Sprott Inc. precious metals fund manager Charles Oliver still believes gold is going to $2,000, and soon, but he’s not willing to double down on his losing bet that the metal is headed higher just yet.
After all, he’s just getting used to the cost of losing that wager: the disappearance of his flowing locks.
Mr. Oliver told investors four years ago that if gold wasn’t at $2,000 (U.S.) an ounce by this time, he would shave his head. And so he did, making a trip Friday to a chi-chi Toronto barber to be shorn, with camera crews in attendance to record the occasion.
Still, Mr. Oliver doesn’t think that he is off by much. He believes gold could hit the $2,000-an-ounce level in 2012, as investors realize that indebted countries are not going to be able to easily get their red ink under control, and as central banks continue to print money.
For the moment, gold has been a painful place to be. As gold bullion has hovered in the $1,600-range, gold stocks have suffered from the loss of momentum. For those with a lot of gold equities, the haircut in their portfolios has been a lot like what Mr. Oliver just got – sudden and drastic.
Mr. Oliver nonetheless believes that there’s upside in gold stocks, perhaps more so than in the bullion itself. Earnings multiples on producers like Barrick Gold Corp. have collapsed, and if they move at all upward toward historical levels, there is big expansion in stock prices to come.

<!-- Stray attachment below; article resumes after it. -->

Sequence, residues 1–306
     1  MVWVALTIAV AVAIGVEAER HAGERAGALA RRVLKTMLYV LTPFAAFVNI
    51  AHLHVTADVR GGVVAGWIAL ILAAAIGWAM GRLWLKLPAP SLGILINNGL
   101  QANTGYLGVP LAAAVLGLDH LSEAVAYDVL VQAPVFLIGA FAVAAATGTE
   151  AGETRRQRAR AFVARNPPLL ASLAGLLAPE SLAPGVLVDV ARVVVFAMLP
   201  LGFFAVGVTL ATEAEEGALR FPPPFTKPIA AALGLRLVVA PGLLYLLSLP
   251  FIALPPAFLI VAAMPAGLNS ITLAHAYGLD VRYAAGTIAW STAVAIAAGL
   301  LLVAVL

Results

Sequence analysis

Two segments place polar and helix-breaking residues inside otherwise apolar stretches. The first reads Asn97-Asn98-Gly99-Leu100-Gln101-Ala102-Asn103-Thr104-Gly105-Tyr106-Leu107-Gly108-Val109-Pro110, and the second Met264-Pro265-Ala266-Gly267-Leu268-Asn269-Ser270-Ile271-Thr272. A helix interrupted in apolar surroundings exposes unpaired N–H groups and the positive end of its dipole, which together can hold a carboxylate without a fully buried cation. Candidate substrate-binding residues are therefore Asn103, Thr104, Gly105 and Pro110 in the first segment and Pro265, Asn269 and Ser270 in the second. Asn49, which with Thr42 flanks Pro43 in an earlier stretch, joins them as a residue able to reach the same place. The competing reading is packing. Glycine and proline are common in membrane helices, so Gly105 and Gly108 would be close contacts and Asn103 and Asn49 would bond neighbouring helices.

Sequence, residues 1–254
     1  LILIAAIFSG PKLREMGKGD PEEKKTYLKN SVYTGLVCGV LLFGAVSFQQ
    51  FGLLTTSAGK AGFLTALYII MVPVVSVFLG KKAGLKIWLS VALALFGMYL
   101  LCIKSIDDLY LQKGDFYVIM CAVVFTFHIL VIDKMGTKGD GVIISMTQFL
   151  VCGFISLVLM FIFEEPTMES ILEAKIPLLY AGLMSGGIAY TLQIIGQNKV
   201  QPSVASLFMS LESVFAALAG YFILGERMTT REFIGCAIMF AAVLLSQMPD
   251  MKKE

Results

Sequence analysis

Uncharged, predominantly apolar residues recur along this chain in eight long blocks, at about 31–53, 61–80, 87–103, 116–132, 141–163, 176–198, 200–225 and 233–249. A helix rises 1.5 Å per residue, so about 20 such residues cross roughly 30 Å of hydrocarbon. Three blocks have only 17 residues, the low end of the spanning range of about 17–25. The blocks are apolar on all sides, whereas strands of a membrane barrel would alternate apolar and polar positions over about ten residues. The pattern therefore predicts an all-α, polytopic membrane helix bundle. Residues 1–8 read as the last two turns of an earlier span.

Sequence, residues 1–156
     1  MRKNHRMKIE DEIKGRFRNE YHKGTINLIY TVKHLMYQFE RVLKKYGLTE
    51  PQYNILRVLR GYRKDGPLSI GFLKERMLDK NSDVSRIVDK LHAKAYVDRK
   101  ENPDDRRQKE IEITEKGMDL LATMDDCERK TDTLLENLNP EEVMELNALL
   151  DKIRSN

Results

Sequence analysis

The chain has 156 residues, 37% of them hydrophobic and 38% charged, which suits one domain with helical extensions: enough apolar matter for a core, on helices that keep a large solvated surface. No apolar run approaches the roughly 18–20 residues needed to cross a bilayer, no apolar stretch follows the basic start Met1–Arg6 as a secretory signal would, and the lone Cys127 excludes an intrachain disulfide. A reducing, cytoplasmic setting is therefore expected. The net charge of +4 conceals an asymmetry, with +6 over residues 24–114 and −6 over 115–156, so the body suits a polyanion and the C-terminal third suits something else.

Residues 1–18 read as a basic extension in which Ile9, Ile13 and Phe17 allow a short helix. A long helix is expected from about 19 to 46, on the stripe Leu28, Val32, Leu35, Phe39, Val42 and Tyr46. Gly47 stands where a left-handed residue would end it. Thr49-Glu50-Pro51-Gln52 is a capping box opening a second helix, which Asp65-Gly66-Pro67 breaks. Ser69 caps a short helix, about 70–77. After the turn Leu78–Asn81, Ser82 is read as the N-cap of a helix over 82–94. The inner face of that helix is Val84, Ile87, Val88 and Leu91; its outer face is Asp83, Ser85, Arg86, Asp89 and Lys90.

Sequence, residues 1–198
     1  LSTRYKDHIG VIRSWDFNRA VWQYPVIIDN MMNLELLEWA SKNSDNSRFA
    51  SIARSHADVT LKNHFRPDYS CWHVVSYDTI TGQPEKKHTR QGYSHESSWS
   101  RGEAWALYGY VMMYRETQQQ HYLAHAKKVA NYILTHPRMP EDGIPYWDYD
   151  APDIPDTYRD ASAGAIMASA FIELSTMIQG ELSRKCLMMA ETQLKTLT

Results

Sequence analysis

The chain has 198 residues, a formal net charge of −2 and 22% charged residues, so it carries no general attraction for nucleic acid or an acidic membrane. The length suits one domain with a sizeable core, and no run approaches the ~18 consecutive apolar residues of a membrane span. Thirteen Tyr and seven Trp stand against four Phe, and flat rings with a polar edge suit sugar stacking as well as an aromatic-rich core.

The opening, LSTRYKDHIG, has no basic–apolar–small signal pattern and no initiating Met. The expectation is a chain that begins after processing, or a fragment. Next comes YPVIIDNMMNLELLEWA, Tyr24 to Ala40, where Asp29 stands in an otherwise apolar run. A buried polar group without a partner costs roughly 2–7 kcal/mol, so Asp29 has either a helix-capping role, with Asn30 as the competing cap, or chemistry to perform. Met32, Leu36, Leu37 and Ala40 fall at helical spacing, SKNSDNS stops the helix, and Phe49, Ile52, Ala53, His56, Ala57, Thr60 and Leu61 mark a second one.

Mr. Oliver would also like to see a company like Barrick increase its dividend greatly, to draw a little attention to the sector and the cash flow produced by big gold miners.
Meanwhile, his head-shaving escapade is paying big dividends for charity.
He has asked friends and colleagues in the gold business, who have all benefited from the rise in bullion, to support him by donating to a fund for World Vision Canada, CARE Canada, UNICEF Canada and the Terry Fox Foundation. He wrote the first cheque, giving $100,000, and he has so far raised more than $1-million. The charities were chosen because of their focus on children, often in areas where gold mining is active.
“It’s a way to give back,” he said.
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